Source: The Western Morning News
The Cornish Wrestling season comes to a close on Saturday after a successful summer of tournaments. Pete London reports on the current state of play for Britain’s ‘oldest’ sport.
“Gwary whek yu gwary tek: good play is fair play” is the motto of the Cornish Wrestling Association – and today “wrasslin” is experiencing a healthy revival.
Cornish wrestling retains a unique style; emphasis is on skill and deftness rather than just strength. The object is to throw your challenger, from a standing position, and no grappling or holding on the ground is allowed. To win you must score a “back”, which involves throwing your opponent on to his shoulders and hips – his four “pins” – and at least three pins must touch the ground at once.
Cornish wrestlers go barefoot or wear socks, together with simple shorts. Their most important item of clothing is a canvas jacket, laced at the front and with baggy half-sleeves; contenders are only allowed to grip each other by this jacket.
Typically, in senior bouts one 10-minute round is allowed, overseen by three “sticklers”. These umpires are usually ex-wrestlers themselves and they score the match, watch for illegal moves. Their decisions are final. There’s no right of appeal for feeling hard-done-by and the wrestlers accept judgements with good grace.
ADVERTISEMENTCornish wrestling’s heyday was during the 19th century, when huge crowds would watch the contests. Wrestlers from those times are still remembered. Weighing in at 16.5 stone, Richard Parkyn enjoyed an amazing 20 years undefeated from 1806 and became known as The Great Parkyn, celebrated from Saltash to St Just.
Parkyn was followed by James Polkinghorne. Five foot eleven inches tall and around 20 stone, he was an intimidating prospect for any opponent. Polkinghorne became Cornish champion and was also landlord of St Columb Major’s Red Lion public house, handy on Saturday nights if anyone dared become playful.
In October 1826, the last great wrestling clash between Cornwall and Devon took place at Devonport. Watched by some 17,000 people, the purse was a colossal £200. Polkinghorne appeared for Cornwall, while Devon fielded Abraham Cann, a mere 5ft 8in tall and weighing 12.5 stone.
The outcome might have seemed a foregone conclusion but the bout was fought under Devonian rules, which allowed kicking. Cann was reportedly strong in the leg, and nimble. Today the result isn’t clear to us, but it seems the contest was a long one and finally ended in a draw.
Cornish Wrestling Association historian and former champion Gerry Cawley believes the sport’s survival of is important for several reasons.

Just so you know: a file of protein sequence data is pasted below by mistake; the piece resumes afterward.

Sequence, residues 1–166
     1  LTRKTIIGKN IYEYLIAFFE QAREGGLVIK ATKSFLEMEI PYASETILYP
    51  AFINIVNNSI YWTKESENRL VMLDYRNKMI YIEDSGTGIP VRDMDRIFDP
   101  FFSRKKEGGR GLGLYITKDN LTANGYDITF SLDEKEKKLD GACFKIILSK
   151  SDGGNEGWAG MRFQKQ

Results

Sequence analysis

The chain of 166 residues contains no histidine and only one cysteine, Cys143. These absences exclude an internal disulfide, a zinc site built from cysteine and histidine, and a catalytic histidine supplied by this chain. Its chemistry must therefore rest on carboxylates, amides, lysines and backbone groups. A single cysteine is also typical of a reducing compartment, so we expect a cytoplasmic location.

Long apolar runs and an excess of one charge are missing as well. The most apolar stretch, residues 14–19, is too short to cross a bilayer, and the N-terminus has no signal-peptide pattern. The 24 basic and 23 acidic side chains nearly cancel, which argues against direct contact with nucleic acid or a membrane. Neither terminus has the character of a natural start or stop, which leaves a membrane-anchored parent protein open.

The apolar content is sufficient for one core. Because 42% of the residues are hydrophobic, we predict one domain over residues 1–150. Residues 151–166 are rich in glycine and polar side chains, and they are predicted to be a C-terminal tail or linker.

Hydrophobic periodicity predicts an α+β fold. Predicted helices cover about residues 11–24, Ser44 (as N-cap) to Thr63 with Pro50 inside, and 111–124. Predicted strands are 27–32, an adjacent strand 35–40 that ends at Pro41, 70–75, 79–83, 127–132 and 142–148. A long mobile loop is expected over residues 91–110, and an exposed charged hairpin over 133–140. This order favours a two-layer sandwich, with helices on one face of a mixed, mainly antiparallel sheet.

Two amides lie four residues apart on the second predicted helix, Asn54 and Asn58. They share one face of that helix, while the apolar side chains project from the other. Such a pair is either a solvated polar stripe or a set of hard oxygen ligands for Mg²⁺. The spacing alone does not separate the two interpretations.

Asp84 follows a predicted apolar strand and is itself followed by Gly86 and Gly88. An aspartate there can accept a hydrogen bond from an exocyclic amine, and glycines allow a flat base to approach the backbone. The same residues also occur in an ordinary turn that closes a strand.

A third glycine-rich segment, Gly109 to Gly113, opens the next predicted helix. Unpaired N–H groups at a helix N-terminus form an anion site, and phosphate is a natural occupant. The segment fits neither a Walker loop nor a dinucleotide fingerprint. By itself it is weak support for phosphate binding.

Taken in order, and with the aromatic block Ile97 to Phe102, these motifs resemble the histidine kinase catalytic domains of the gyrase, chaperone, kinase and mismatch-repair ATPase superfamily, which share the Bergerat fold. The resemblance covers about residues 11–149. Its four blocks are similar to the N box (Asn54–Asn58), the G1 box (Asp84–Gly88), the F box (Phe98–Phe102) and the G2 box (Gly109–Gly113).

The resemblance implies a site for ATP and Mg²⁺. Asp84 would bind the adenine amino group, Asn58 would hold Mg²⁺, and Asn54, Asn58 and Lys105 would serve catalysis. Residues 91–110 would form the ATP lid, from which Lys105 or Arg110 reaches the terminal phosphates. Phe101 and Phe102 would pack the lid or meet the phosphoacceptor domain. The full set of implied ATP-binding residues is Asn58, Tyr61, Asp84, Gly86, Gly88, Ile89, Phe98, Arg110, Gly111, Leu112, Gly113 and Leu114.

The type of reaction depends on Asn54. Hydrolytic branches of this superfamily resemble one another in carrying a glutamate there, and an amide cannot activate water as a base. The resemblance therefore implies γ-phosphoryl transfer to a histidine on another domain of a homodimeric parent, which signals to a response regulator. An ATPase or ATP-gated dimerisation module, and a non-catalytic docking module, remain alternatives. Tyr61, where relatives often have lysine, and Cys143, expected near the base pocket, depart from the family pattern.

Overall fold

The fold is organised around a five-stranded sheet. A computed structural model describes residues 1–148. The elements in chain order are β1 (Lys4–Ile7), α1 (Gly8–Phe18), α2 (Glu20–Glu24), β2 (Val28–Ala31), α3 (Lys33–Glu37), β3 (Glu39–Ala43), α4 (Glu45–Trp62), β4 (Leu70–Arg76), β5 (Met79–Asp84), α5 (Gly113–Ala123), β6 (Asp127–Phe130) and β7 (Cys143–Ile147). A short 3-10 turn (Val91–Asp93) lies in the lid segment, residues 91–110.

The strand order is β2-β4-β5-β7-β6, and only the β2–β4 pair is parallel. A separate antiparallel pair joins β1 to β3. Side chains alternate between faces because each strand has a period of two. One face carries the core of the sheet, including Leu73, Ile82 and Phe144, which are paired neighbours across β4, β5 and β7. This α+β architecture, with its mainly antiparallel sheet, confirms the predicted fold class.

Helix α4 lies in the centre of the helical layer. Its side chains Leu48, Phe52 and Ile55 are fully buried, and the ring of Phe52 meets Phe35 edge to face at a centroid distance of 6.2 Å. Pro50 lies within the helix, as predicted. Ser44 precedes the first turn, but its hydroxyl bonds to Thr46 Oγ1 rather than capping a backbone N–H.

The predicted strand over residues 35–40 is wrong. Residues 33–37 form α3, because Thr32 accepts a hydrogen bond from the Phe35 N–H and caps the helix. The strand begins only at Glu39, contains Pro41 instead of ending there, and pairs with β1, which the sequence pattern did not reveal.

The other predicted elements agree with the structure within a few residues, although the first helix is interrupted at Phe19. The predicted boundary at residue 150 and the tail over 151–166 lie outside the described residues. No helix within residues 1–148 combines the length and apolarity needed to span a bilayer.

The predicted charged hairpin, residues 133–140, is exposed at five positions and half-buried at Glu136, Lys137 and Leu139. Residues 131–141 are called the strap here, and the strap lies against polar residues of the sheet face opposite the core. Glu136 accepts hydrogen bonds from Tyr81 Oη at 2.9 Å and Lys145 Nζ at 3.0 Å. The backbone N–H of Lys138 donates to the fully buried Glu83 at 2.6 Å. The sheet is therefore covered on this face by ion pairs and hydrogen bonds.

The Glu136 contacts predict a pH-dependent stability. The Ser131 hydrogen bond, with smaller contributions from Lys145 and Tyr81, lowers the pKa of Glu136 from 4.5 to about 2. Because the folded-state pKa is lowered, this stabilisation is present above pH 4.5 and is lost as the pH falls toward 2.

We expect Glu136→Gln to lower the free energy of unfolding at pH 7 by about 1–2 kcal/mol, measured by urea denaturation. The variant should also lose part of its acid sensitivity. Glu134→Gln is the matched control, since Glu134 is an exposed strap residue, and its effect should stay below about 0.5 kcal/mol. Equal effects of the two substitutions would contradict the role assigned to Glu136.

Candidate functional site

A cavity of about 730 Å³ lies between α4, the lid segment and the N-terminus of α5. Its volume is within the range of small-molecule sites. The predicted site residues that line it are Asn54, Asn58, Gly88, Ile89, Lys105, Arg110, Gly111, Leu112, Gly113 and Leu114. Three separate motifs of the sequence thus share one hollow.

“Cornish wrestling is the oldest sport in Britain,” he said. “It is gentlemanly and traditional, with a vast heritage. At the Battle of Agincourt in 1415, banners borne by Cornwall’s fighting men carried symbols showing wrestlers. During Victorian times big contests could take as long as a week, with the semi-finals and finals held over the weekend so people could come and watch. But because wrestling was handed down and taught from father to son, the sport really struggled after the two world wars, when so many men were lost.”
In the face of competition from other sports too, interest in Cornish wrestling waned until only a band of stalwarts was left. To stop the decline, raise awareness and seek funding, the Cornish Wrestling Association became affiliated to the British Wrestling Association in 2004. Now, thanks to its enthusiasts, “wrasslin” is making a powerful comeback.
Over the summer months the CWA runs tournaments across Cornwall and also stages demonstrations at the Royal Cornwall Show. All ages can join in, with categories including under-18s, under-16s, under-14s, under-12s and even under-10s. The season will conclude with the Cornish Heavyweight Championship, along with junior and novice classes, on Cathedral Green in Truro from 11am on Saturday.
“Our wrestling’s a unique sport,” added Gerry Cawley. “It’s good all-round exercise and teaches discipline. There’s no team effort – win or lose, it’s down to you.”
Anyone interested in taking up the sport can visit cornishwrestling.co.uk
Read more at http://www.westernmorningnews.co.uk/Cornish-wrestling-fans-hail-successful-summer/story-22893613-detail/story.html?utm_source=twitterfeed&utm_medium=twitter#D3g3cu4t5yHbEPIL.99
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